In my recent debate with Matt Dillahunty about the existence of God, Dillahunty invoked his favorite argument against God’s existence — the Divine Hiddenness argument. We didn’t have a chance to go into that argument in detail in the debate, and Dillahunty is unwilling to have any more debates with me (even if he’s paid, apparently). So this is a good forum to look at that argument in more detail.Michael Egnor, “The Divine Hiddenness argument against God’s existence = nonsense” at Mind Matters News
In precis, without the logical jargon, this is the argument: If God exists, He would not allow anyone receptive to His existence to remain ignorant of Him. However, there are people receptive to His existence who are ignorant of Him, so He must not exist.
Atheists, as is their wont, misunderstand Divine Hiddenness and turn it into a nonsensical argument against God’s existence.
The Divine Hiddenness argument is nonsensical because divine hiddenness is inherent in the nature of the Creator and the creature, as noted above. Furthermore, the atheist Divine Hiddenness argument seems to imply a bizarre inference: if the disbelief of even one person in the world disproves the existence of God, then it stands to reason that the belief in God by that person — that one holdout — would prove His existence. The atheist Divine Hiddenness argument seems to imply that God’s existence is contingent upon the disbelief of even one recalcitrant atheist. This argument is a precis of atheist arrogance — the atheist argument that God’s existence depends upon atheists’ opinion of Him. Atheists can’t wish Him away that easily.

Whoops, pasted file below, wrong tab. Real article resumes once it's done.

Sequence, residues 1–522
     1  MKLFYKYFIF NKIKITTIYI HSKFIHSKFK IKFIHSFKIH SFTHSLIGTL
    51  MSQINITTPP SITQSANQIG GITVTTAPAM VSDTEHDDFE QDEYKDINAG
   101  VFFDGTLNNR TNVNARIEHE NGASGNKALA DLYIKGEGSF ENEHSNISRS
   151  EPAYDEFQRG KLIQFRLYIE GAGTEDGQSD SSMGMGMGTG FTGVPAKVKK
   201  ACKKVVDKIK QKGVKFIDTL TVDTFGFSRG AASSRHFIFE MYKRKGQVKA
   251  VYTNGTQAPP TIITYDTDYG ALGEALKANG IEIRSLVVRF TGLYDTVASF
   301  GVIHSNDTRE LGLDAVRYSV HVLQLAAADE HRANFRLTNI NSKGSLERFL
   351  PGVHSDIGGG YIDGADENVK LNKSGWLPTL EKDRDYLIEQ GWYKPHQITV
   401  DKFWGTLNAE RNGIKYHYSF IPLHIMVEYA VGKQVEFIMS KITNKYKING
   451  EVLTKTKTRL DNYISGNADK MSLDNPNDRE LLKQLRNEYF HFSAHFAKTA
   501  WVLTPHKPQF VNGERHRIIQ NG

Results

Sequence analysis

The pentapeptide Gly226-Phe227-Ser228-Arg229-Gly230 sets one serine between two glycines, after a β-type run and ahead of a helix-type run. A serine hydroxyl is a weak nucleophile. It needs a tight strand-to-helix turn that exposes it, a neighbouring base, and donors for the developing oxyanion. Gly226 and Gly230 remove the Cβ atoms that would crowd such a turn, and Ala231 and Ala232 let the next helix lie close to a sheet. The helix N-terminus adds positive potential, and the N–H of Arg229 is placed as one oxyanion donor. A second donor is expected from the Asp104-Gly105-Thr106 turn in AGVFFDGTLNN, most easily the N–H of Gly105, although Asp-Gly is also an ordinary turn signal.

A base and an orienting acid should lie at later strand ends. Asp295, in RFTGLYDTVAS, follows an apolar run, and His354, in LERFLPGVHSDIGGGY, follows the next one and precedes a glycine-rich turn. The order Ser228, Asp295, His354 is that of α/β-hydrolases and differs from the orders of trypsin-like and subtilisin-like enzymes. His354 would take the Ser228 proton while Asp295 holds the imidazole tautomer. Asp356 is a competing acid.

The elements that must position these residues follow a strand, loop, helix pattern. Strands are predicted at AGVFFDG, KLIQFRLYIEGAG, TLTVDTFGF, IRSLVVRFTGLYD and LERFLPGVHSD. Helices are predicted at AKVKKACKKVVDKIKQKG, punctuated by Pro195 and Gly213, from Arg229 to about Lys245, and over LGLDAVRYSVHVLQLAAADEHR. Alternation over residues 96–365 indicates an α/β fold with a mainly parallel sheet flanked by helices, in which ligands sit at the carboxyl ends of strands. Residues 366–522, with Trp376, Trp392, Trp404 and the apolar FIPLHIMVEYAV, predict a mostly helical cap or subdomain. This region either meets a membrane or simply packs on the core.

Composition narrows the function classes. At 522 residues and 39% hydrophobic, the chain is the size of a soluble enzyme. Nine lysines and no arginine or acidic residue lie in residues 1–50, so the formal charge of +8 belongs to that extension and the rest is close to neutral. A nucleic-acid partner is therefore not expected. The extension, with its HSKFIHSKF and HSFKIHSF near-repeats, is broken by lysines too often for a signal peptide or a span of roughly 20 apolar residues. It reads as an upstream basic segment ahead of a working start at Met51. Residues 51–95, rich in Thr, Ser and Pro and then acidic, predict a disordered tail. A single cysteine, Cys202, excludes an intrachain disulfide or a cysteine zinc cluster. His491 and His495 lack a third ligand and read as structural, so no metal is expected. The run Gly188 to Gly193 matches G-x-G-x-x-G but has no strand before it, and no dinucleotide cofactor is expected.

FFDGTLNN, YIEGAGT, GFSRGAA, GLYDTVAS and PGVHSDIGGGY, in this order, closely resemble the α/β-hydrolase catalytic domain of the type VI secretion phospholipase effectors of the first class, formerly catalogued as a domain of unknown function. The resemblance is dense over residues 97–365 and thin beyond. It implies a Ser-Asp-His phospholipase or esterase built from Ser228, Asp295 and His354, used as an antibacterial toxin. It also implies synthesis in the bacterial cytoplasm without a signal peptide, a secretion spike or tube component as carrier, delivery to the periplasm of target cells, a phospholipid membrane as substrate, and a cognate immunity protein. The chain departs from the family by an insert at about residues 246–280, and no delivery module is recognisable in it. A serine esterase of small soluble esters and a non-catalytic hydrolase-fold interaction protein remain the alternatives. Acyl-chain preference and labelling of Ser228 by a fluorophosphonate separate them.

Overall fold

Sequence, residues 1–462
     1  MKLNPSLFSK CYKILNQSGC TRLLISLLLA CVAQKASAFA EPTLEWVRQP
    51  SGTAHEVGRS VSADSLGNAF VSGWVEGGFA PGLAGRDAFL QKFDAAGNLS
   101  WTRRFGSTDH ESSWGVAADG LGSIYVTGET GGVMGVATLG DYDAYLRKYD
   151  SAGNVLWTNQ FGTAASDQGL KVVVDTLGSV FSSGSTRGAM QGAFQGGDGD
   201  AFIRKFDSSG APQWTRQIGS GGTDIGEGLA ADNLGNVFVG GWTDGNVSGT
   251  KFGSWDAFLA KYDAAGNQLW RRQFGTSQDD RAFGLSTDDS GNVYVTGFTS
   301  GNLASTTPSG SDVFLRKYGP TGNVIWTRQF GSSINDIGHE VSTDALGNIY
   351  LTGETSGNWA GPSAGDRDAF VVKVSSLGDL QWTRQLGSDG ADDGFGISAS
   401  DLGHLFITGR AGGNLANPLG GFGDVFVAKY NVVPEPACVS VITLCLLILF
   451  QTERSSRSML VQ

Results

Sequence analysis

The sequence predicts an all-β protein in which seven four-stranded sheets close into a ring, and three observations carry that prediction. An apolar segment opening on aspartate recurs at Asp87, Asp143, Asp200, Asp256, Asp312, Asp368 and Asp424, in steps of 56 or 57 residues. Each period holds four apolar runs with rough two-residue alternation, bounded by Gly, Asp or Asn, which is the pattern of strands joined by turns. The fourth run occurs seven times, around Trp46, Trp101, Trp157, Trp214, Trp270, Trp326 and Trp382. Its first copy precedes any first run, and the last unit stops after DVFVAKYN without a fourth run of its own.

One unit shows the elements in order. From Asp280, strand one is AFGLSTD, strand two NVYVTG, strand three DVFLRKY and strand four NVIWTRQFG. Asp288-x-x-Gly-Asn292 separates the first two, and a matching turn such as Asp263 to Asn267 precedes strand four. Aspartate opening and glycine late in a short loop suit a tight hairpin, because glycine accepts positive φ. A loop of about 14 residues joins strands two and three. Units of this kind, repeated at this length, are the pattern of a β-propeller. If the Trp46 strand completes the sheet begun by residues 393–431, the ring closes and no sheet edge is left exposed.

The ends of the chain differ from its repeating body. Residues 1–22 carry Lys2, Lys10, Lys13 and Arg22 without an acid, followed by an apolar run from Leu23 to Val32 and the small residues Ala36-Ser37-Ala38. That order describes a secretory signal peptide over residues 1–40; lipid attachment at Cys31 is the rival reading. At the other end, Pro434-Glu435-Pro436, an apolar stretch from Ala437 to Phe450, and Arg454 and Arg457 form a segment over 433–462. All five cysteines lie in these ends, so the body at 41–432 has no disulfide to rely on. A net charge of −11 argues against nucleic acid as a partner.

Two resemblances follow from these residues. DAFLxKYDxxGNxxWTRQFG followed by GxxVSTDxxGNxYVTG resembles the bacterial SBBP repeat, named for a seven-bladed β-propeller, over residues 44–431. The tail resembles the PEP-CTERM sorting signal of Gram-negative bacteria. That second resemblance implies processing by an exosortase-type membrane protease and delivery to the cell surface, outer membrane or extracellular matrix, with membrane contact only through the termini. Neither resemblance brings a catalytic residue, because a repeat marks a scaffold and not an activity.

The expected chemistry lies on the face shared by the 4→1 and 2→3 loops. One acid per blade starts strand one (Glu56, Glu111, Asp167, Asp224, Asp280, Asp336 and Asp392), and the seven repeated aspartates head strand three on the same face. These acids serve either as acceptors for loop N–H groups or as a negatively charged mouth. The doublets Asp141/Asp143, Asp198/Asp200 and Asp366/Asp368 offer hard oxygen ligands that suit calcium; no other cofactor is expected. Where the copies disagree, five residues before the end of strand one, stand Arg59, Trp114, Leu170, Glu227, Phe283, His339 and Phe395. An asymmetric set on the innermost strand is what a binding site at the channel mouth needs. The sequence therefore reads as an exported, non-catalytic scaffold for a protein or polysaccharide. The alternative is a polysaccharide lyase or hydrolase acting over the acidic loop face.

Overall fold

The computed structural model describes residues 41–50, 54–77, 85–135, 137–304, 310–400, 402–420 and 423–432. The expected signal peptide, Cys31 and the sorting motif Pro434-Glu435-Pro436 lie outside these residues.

One wonders if problems like that hastened the collapse of the New Atheist movement — the godlessness that failed.
Takehome: Egnor: God in Himself is immeasurably greater than we are, and He transcends all human knowledge. A God with whom we do not struggle — who is not in some substantial and painful way hidden to us — is not God but is a mere figment of our imagination.
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Science can and does point to God’s existence. Michael Egnor: Natural science is not at all methodologically naturalist — it routinely points to causes outside of nature. If we are to understand natural effects, we must be open to all kinds of causes, including causes that transcend nature.
Atheist spokesman Matt Dillahunty refuses to debate me again Although he has said that he finds debates “incredibly valuable,” he is — despite much urging — making an exception in this case. Why? For millennia, theists have thought meticulously about God’s existence. New Atheists merely deny any need to make a case. That’s partly why I dumped atheism. (Michael Egnor)